There is a Tex-Mex restau­rant in Hous­ton I have vis­it­ed on three occa­sions. Each meal has begun with chile con que­so. The cheese at this par­tic­u­lar restau­rant is the most deli­cious food I have ever tasted.

With every bite, I have been over­come with grat­i­tude to God for cre­at­ing taste buds, cows, and human inge­nu­ity. And that grat­i­tude has led to praise.

Some folks under­stand this. Some think I’m kid­ding. And oth­ers are skep­ti­cal that such a car­nal thing as a Tex-Mex appe­tiz­er could pro­voke gen­uine worship.

We Chris­tians have a long his­to­ry of mixed and some­times open­ly hos­tile atti­tudes toward sen­su­al plea­sure. Saint Augus­tine is the fourth-cen­tu­ry poster boy for our dilem­ma, strug­gling in Book X of his Con­fes­sions to rein in each of his five sens­es. He attempts, for exam­ple, to take food at meal­times as though it were med­i­cine” and to fight against the plea­sure in order not to be cap­ti­vat­ed by it.”

Augus­tine is ever-vig­i­lant that plea­sure in cre­at­ed things nev­er replace our desire for the Cre­ator. His cau­tion is well tak­en. But late­ly I’ve been dis­cov­er­ing an emphat­i­cal­ly pro­plea­sure voice in the writ­ings of anoth­er Chris­t­ian guide.

C. S. Lewis is known, of course, as a lit­er­ary schol­ar, nov­el­ist, and apol­o­gist. He is also, con­sis­tent­ly, a cura­tor of plea­sure. Where there is beau­ty to be received, music to be heard, laugh­ter to be wel­comed, and (espe­cial­ly) food to be eat­en, Lewis attends, cel­e­brates, scru­ti­nizes, describes, and partakes.

In Let­ters to Mal­colm: Chiefly on Prayer, Lewis argues that the plea­sures derived from for­est moss and sun­light, bird song, morn­ing air, and the com­fort of soft slip­pers are shafts of [God’s] glo­ry as it strikes our sen­si­bil­i­ty.” Our task is not to guard against sen­su­al enjoy­ment, but to allow our minds to run back up the sun­beam to the sun” — to see every plea­sure as a chan­nel of adoration.”

Lewis even argues that there is no such thing as a bad” plea­sure — only plea­sures snatched by unlaw­ful acts.” But he is not blind to the con­cu­pis­cence” (lust­ful­ness) that so haunts Augus­tine. When our response to plea­sure is greed instead of ado­ra­tion — when we seek to grasp and pos­sess rather than receive — our healthy cry of This also is Thou” dis­torts into the fatal word: Encore.”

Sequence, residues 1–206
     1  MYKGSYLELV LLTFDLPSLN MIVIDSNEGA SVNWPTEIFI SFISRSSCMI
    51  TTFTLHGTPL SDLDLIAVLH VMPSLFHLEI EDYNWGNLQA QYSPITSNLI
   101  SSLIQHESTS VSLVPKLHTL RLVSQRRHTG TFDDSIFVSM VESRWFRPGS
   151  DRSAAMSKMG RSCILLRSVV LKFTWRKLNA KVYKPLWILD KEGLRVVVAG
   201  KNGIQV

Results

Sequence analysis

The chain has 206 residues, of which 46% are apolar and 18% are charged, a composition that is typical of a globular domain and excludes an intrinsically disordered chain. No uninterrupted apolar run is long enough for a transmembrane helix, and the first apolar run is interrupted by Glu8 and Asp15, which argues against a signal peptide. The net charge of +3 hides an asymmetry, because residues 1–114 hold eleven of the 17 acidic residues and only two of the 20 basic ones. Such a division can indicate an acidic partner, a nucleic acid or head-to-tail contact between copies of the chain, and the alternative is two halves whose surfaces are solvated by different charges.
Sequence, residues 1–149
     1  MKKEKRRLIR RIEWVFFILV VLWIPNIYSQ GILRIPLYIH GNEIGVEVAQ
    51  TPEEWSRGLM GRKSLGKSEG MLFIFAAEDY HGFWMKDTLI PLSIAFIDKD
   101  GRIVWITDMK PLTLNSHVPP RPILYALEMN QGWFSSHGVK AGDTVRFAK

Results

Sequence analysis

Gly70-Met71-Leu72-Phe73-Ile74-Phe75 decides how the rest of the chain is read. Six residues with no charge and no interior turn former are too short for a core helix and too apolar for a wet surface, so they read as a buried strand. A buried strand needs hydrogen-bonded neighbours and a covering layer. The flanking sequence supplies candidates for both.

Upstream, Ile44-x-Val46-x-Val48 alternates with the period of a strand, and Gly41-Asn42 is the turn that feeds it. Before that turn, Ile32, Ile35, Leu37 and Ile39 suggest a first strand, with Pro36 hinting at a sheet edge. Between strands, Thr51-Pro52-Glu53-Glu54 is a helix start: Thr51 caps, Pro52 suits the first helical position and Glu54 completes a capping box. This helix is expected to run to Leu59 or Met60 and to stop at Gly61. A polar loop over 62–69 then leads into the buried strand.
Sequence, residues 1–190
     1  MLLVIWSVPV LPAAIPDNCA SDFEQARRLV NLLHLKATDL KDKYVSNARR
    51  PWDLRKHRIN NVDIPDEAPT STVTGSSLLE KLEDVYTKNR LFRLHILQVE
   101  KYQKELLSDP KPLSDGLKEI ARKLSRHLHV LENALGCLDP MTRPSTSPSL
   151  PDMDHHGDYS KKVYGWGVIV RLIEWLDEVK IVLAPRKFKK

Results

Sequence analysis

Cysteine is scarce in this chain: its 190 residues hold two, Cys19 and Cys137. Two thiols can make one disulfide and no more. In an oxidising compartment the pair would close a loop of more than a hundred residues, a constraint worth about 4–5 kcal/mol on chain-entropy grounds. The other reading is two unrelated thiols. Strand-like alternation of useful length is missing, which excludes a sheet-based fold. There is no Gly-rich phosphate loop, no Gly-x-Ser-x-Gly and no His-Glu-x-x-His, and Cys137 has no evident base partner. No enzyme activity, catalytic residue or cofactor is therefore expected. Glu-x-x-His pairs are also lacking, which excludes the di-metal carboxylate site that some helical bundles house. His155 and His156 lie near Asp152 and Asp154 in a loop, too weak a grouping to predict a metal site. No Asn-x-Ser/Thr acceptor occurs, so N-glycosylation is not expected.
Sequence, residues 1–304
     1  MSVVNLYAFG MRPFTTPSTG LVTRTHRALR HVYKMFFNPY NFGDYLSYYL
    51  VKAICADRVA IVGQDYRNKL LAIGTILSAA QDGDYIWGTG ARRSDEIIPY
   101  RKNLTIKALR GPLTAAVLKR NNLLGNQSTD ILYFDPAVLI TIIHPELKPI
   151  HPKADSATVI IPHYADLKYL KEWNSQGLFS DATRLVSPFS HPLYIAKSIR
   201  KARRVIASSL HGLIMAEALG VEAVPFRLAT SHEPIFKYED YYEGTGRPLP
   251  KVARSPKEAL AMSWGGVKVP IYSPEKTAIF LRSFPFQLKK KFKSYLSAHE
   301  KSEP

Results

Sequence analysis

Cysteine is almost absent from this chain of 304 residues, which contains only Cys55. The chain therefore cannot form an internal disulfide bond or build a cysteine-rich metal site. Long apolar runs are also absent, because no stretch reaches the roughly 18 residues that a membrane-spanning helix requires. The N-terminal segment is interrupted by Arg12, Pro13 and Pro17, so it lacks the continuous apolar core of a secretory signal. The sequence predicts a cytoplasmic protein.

In his intro­duc­tion to The Four Loves, Lewis dis­tin­guish­es between Need-plea­sures” and Plea­sures of Appre­ci­a­tion.” The enjoy­ment we feel upon receiv­ing a Need-plea­sure — water to quench thirst, for exam­ple, or the scratch­ing of an itch — is intense but short-lived. But with Appre­ci­a­tion-plea­sures — nonessen­tial things that awak­en us to delight, like deli­cious smells and tastes and scenes of beau­ty — the sen­sa­tion inten­si­fies over time. Greed — the repeat­ed cry of Encore!” to, say, rich black cof­fee or extra-creamy que­so — may trans­form a Plea­sure of Appre­ci­a­tion into a Plea­sure of Need, drain­ing out of it all the last­ing enjoyment.

The answer, Lewis con­tends, is not to avoid plea­sure but to have” and read” it prop­er­ly: to receive it, open­hand­ed, as both a gift and a mes­sage. We know we are being touched by a fin­ger of that right hand at which there are plea­sures for ever­more. There need be no ques­tion of thanks or praise as a sep­a­rate event, some­thing done after­wards. To expe­ri­ence the tiny theo­phany” — the small sign of God’s pres­ence — is itself to adore.”

In many respects, Augus­tine and Lewis are argu­ing two sides of the same coin. But there is a major point of diver­gence at the heart of their oppo­site ori­en­ta­tions to plea­sure. Where Augus­tine sees our sen­su­al­i­ty as a lia­bil­i­ty to be man­aged until God consign[s] both food and bel­ly to destruc­tion,” Lewis views every earth­ly plea­sure as an appren­tice­ship in ado­ra­tion for the sort of thing that will go on for­ev­er in heaven.

Bib­li­cal writ­ers seem irre­sistibly drawn to an image — part metaphor, part promise — of the sacred meal with God.” From the table pre­pared for the psalmist (Ps. 23:5), to Jesus’ sto­ry of a great ban­quet (Luke 14:15 – 24), to the Rev­e­la­tion 19 vision of a wed­ding sup­per, the Scrip­tures are filled with the antic­i­pa­tion of feast­ing togeth­er — in the pres­ence of God — for­ev­er. The prophet Isa­iah (25:6 – 8) takes par­tic­u­lar plea­sure in this vision:

On this moun­tain the Lord Almighty will pre­pare a feast of rich food for all peo­ples, a ban­quet of aged wine— the best of meats and the finest of wines. On this moun­tain he will destroy the shroud that enfolds all peo­ples, the sheet that cov­ers all nations; he will swal­low up death forever. 

For Lewis, earth­ly meals are chances to prac­tice the grat­i­tude and ado­ra­tion that will accom­pa­ny our ever­last­ing feast with God. Just as tri­als train us in patience, plea­sure trains us in wor­ship. Every sen­su­al enjoy­ment (prop­er­ly received) is a tiny theo­phany” — a chance to taste and see” that God is good, and a reminder that there is a whole lot more where that came from.

I rest my que­so.

Pho­to Copy­right: Alexan­der Mychko

📚 The 2022 – 23 Ren­o­varé Book Club

This year’s nine-month, soul-shap­ing jour­ney fea­tures four books, old and new, prayer­ful­ly curat­ed by Ren­o­varé. Now under­way and there’s still time to join.

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